Still haven't made plans for New Years' Eve? Just in time for millennial festivities comes Icons Y2K. Its December 31, 1999, and an eclectic assortment of well-known and not-so-well-known historical figures have gathered at Club Y2K to ring in the next millennium. Club Y2K is definitely a happening place, pulsing with disco favorites, fabulous colored lights, and, of course - a mirror ball. Attractive cast members in silver, sequins and blue wigs welcome the audience, offering them drinks and the opportunity to dance. After such a fun pre-show, would the show itself be a let-down?
Unfortunately a great premise gets lost in a series of vignettes dealing almost totally in explicit sexual content. In musical-chairs fashion the characters try to connect with each other in ultimately unsatisfactory ways. A major problem is Ms. Bachner's script, which in its present state (this was a workshop performance) does not define most of the characters well enough. It is a credit to the talented cast that they all managed to find moments of poignancy and humor, despite the generalized characters they were given to work with.
The exception was the beautifully written role of Janis Joplin, revealing the many facets of the '60s icon, from her appalling substance abuse to her incredible charisma and sexuality. Anna Cody captured "Pearl"'s essence in an exceptionally fine performance, veering from over-the-top bravado one moment to self-conscious insecurity the next. Margaret Stockton made a delightfully lusty Queen Elizabeth, but seemed hampered by the limited scope of what she was given to do. Mark Diaz brought charm and sex appeal to the one-note character of 1950s icon Mr. Clean. Alex McCord brought energy and dry humor to the sexually jaded Russian 1940s icon, Dolores.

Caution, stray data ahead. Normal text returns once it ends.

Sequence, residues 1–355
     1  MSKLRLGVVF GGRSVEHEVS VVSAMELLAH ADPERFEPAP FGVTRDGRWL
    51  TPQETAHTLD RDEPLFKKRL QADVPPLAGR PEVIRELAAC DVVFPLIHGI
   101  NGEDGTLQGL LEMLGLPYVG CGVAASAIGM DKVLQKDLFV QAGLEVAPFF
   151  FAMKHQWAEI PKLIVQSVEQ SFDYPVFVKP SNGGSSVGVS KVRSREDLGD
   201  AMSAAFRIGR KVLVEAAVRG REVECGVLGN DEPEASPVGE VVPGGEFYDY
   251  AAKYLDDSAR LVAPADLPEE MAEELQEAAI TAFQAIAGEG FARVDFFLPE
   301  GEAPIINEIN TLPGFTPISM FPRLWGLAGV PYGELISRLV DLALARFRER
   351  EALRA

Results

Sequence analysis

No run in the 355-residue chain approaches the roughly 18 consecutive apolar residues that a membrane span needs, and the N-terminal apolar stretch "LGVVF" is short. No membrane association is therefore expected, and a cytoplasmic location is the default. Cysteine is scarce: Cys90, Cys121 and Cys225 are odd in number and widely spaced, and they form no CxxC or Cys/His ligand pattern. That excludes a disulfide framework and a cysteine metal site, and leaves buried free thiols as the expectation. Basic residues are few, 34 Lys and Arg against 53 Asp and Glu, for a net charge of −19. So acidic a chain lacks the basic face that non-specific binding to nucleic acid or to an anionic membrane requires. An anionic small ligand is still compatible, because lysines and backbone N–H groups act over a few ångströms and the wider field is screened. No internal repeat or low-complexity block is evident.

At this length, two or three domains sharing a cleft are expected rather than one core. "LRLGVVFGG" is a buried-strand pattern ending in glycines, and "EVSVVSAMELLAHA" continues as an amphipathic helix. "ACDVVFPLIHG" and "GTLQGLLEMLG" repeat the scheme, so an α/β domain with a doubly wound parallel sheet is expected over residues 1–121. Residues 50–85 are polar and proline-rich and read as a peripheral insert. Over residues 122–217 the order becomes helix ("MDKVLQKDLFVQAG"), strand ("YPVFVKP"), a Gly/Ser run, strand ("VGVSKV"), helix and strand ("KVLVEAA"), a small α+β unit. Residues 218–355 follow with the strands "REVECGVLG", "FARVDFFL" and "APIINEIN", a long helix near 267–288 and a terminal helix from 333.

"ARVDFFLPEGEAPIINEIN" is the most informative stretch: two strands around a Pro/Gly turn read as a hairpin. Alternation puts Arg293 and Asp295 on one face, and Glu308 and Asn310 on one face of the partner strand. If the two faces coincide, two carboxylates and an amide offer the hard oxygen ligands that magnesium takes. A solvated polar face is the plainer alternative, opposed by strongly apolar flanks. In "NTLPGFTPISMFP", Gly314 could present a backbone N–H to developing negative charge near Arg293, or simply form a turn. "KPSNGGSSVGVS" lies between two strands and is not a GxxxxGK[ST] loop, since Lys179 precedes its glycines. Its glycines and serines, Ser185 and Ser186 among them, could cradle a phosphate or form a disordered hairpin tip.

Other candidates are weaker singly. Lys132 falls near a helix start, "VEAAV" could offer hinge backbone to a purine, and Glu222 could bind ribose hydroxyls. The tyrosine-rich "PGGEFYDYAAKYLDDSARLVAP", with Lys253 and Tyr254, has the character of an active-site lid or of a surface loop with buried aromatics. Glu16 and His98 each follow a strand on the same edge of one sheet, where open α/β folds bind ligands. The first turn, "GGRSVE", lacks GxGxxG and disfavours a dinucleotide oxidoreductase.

Alexander R. Warner was boyishly appealing as Mawgspawn, the teenage computer whiz who has actually created the whole evening via his computer, and Trish Minskoff turned in a great performance as the hostess/dominatrix Lola, and later the prim but game schoolmarm Miss Prunella. Francis P. O'Flynn was charmingly sleazy as the circa 1981 almost-superstar, Vincent. Danny Wiseman was wonderful in the difficult role of Randy, the 1950s southern good ol' boy transvestite.
Director David E. Leidholdt did his best to keep up the pace, but the inevitably dull sameness of the piece got in his way. John Tees III's bright colored lights added brilliance to Charles Townsend Wittreich, Jr.'s bright shiny disco set, and his use of ungelled lights effectively communicated the squalor of the obligatory disgusting bathroom found in most discos.
The provocative pre-show costumes were provided by Manny's Closet and Lior Sar, and the characters' costumes, designed by Mistress Debbie Alves, were appropriate to the characters.
(Also featuring Clemente Ramirez, Douglas Shearer, Lynn Sherwood, and Laura Burns).
Return to Volume Six, Number Three Index
Return to Volume Six Index
Return to Home Page
Copyright 1999 Julie Halpern